That isn’t to say Earth does not have its own vastness. Emily Dziuban’s quartet of protagonists in Always the Gulf Always form a chosen family where two break ups result in a “partner swap.” Together they try desperately to remain intact through myriad hurts (and a protagonist’s estranged parents coming down with early-pandemic Covid-19) while their struggles are contextualized in a countdown of geologic time as the Gulf of Mexico is formed.
Formerly of April Literary Festival in Seattle, Washington, with strong ties to the city, Frances James Dinger deals in a different vast earthly countdown in their novel, A Beautiful House . After the Big One (the giant earthquake that will likely ravage the Pacific Northwest in our lifetime), Seattle is reformed as a five-hundred-year city: guaranteed five centuries before having an earthquake of that magnitude again. Capitalism and climate change run roughshod over the city’s poor and queer, and we follow one couple as they try to figure out how to commune with their commune, an unintentional spare-parts group in a disaster-provoked living situation.
Human beings, with all our individual internal universes, can create a vast space as well. Cartoonist Archie Bongiovanni’s graphic novel, Unhinged , rides the gargantuan wave of social media as a lesbian influencer, Laura, discovers she likes spending time cruising on gay men’s dating apps as Leo—and then she lies about it to herself and others a whole lot. This story asks us to consider what constitutes reality: something private, or something shared? When “humanity” is a force with which we might connect, what does that do to our individual sense of self? And here’s the catch—Laura isn’t just Laura; Leo isn’t just Leo. They’re the same person who contains both, and what do we do with that?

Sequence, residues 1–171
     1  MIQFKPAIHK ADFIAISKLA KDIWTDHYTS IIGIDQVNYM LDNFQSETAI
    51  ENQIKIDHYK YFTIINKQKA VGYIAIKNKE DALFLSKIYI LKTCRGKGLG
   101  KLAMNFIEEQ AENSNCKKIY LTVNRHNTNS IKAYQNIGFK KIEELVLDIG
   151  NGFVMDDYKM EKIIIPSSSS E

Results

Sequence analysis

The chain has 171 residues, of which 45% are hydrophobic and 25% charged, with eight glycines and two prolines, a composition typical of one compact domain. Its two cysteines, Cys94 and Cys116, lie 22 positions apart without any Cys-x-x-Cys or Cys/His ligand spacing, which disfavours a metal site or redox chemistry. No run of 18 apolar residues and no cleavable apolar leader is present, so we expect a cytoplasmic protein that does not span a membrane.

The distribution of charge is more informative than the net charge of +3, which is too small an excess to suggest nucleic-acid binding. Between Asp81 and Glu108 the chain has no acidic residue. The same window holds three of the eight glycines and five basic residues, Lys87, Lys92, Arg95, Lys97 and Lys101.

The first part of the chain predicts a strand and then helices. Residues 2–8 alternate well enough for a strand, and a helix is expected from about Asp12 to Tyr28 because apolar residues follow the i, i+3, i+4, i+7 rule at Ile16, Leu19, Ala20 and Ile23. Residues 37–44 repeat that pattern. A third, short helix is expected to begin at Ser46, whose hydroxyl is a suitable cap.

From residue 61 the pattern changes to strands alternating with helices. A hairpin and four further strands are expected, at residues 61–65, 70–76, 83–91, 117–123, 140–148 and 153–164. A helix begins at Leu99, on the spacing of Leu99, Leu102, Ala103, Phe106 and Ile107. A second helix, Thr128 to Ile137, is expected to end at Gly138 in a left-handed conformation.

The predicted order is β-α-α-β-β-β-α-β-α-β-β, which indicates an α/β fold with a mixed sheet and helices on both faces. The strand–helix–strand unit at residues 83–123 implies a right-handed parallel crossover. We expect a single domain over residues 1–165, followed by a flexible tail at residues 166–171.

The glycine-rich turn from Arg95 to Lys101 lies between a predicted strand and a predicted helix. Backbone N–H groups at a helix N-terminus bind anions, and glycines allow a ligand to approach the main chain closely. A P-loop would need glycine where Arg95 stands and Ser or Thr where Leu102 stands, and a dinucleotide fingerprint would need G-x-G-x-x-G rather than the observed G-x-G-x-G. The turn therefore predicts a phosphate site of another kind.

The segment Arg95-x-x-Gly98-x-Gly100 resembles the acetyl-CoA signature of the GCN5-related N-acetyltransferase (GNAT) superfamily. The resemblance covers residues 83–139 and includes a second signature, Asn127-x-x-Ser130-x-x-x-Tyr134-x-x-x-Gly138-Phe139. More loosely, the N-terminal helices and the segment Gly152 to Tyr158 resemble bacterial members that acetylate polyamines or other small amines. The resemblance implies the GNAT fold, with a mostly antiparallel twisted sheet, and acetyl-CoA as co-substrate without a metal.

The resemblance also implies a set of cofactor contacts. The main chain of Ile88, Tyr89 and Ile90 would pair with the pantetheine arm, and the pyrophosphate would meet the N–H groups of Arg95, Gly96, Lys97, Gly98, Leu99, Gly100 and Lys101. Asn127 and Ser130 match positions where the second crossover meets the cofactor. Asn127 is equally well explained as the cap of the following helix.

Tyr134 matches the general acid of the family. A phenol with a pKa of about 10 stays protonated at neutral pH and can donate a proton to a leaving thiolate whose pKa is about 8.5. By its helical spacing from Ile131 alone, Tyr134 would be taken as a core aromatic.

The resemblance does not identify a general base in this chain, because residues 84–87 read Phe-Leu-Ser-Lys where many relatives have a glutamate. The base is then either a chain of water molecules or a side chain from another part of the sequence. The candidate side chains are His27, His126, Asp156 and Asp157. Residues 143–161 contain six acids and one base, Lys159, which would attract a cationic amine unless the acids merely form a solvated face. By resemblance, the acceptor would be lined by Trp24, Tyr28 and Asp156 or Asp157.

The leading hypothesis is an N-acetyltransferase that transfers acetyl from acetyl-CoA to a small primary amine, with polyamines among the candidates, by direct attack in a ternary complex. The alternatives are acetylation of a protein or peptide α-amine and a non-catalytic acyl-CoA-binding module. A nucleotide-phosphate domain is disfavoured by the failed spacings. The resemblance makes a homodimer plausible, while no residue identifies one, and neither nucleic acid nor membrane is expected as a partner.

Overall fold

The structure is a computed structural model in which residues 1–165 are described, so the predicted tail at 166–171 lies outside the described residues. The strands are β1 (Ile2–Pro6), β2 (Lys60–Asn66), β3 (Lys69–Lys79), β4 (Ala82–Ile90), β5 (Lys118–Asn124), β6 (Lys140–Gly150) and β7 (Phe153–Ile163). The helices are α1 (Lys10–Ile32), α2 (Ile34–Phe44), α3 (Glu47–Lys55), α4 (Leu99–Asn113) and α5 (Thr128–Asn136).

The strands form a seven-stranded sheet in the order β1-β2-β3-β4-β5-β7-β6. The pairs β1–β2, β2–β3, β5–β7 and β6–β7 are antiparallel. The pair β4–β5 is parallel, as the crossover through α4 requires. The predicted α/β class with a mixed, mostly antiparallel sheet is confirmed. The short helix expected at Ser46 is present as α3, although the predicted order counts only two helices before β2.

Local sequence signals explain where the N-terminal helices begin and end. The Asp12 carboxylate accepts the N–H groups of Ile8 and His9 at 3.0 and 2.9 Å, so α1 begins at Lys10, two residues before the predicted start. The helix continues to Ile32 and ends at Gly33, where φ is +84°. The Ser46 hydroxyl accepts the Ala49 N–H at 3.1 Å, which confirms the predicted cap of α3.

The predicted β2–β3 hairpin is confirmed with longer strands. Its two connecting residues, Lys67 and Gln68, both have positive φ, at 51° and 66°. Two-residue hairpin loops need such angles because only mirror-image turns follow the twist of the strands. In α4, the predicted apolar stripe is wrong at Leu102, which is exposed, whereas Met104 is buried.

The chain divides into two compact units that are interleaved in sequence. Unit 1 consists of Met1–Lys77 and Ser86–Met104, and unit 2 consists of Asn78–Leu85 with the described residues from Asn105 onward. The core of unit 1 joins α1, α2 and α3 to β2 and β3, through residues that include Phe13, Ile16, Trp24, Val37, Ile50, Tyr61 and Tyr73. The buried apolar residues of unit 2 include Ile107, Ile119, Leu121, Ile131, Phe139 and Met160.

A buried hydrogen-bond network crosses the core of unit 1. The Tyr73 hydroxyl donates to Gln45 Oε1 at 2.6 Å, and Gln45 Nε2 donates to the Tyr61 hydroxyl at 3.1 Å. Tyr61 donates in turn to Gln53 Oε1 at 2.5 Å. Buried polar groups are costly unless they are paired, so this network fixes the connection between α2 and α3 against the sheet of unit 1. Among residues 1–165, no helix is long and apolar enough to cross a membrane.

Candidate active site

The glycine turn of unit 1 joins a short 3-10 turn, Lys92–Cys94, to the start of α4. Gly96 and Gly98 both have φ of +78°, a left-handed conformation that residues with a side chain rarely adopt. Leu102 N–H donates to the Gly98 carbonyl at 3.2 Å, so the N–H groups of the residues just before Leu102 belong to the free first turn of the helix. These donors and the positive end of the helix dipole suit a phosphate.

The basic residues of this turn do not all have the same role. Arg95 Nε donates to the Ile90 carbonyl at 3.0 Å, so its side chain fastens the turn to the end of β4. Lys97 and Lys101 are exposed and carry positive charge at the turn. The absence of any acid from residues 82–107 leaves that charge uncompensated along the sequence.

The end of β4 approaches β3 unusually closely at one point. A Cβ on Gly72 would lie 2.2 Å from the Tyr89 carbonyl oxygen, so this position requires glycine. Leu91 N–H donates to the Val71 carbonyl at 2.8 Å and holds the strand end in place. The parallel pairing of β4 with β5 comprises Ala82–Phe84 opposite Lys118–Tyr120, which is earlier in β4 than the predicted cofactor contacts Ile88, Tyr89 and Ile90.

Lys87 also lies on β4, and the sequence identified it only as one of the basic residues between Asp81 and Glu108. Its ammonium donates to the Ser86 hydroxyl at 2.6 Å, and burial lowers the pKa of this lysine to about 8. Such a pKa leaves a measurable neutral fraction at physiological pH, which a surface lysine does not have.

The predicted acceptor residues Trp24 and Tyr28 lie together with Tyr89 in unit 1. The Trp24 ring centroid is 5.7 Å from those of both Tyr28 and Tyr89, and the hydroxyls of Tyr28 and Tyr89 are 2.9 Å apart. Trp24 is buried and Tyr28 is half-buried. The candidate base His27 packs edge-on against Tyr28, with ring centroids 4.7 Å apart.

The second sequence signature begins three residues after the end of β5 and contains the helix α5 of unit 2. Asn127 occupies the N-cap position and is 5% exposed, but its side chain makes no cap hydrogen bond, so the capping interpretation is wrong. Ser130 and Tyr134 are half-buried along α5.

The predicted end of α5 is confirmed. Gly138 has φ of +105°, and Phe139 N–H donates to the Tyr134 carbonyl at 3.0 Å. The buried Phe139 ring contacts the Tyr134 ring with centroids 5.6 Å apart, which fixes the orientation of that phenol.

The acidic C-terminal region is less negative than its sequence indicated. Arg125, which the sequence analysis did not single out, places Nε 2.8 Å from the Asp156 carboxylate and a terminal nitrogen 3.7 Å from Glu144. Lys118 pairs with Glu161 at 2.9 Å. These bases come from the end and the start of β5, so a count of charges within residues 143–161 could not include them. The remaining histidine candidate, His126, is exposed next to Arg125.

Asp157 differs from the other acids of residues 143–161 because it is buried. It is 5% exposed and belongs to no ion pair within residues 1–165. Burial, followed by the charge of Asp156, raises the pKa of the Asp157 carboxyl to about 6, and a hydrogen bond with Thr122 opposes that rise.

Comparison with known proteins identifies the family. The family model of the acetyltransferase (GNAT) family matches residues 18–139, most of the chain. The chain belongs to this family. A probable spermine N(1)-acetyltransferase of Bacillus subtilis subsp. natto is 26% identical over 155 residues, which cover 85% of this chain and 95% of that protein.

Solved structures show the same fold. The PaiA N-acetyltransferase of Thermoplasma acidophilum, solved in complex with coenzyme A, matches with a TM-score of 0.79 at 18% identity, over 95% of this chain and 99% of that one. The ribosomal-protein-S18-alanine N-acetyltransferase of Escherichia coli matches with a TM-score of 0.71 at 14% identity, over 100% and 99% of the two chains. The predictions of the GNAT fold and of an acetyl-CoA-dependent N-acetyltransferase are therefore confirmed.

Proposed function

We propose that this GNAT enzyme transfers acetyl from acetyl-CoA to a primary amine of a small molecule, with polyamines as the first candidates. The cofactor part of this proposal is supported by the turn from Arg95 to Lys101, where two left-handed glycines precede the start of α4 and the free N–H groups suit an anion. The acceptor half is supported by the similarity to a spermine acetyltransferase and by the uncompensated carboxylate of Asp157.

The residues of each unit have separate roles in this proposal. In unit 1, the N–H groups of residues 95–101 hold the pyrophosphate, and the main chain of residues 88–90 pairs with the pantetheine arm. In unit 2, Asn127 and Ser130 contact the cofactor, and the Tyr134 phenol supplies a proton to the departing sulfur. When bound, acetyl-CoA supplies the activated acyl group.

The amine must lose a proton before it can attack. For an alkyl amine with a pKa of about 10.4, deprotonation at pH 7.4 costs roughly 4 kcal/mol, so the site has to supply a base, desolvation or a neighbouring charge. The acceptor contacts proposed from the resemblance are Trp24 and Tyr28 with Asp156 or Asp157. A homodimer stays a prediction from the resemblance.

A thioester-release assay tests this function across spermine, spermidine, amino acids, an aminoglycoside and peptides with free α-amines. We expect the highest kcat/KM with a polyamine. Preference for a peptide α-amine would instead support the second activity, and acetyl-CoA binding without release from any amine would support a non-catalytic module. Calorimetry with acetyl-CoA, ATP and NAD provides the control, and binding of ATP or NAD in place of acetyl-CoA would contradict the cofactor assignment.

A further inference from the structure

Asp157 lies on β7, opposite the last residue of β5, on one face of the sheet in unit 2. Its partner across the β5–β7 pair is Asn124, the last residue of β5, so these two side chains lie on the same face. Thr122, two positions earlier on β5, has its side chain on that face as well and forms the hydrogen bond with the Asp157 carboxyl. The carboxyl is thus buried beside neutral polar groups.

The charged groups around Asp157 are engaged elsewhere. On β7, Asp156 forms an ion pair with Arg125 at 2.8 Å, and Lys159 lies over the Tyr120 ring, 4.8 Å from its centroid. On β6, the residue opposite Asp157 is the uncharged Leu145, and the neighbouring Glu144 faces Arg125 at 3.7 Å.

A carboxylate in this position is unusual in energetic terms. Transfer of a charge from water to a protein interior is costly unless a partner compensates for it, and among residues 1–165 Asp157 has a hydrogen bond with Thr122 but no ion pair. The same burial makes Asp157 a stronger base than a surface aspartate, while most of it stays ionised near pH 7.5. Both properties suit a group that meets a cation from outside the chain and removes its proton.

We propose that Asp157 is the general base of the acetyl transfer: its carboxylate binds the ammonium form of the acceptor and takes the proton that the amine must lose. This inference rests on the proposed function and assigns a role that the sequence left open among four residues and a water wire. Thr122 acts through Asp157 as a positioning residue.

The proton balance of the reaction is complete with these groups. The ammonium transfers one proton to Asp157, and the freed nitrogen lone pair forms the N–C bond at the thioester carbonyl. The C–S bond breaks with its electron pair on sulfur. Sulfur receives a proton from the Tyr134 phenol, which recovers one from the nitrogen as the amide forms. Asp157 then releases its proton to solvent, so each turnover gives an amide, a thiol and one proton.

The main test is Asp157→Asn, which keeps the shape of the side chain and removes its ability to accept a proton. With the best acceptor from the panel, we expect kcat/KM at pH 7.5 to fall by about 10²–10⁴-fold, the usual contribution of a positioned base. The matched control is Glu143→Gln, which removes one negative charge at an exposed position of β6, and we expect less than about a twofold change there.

Brendan Williams-Childs’s vast is one of these people-vasts: the convoluted labyrinth of the State. His novel, Dacha , features a set of protagonists contending with the inevitable sweep of political events in a fictional post-Soviet Nation. It features kidnappings, coups, medical experimentation, and also love, community, duty, and whether or not to leave home for a place that’s as bad as yours is, just in different ways. Wlliams-Childs’s love for translation shines through his characters, who have wildly conflicting cultural contexts and interior lives; they exist in a perpetual state of translation with each other.
Leia Ostroff’s idea of the vast extends beyond humanity to our own creations: artificial intelligence. When Rust on Seafom ’s protagonist, Lita, is diagnosed with a terminal illness at a very young age, all she wants to do is see the ocean. Usually, this is impossible; Lita lives in a protected bubble because the world is inhospitable to human life. When she breaks out, she discovers a world of robots trying to make the world not just fit for human habitation again, but perfect for it—and that world is far from what it seems.
Through all these texts exists a queer sensibility rather than queer “representation.” A way of seeing the world as multitudinous, as resistant to categorization. Once I gave queer authors the keys and stopped worrying about what, exactly, queer literature meant, my students’ work taught me something about what queer literature actually is: a lens on the world. These eight books are part of the communal future of queer literature, one that insists upon an uncharted vastness, even when it’s scary. Especially when it’s scary.
In celebration of our 12-Month Novel Generator students’ graduation, check out excerpts from their novels below:
• Errol Ray Anderson, excerpt from And Let God Sort Them Out
• Frances James Dinger, excerpt from A Beautiful House
• Emily Dziuban, excerpt from Always the Gulf Always
• MJ Kaufman, excerpt from Exile in Brooklyn
• Leia Ostroff, excerpt from Rust on Seafoam
• Eliana Ramage, excerpt from Here Men from the Planet Earth
• Brendan Williams-Childs, excerpt from Dacha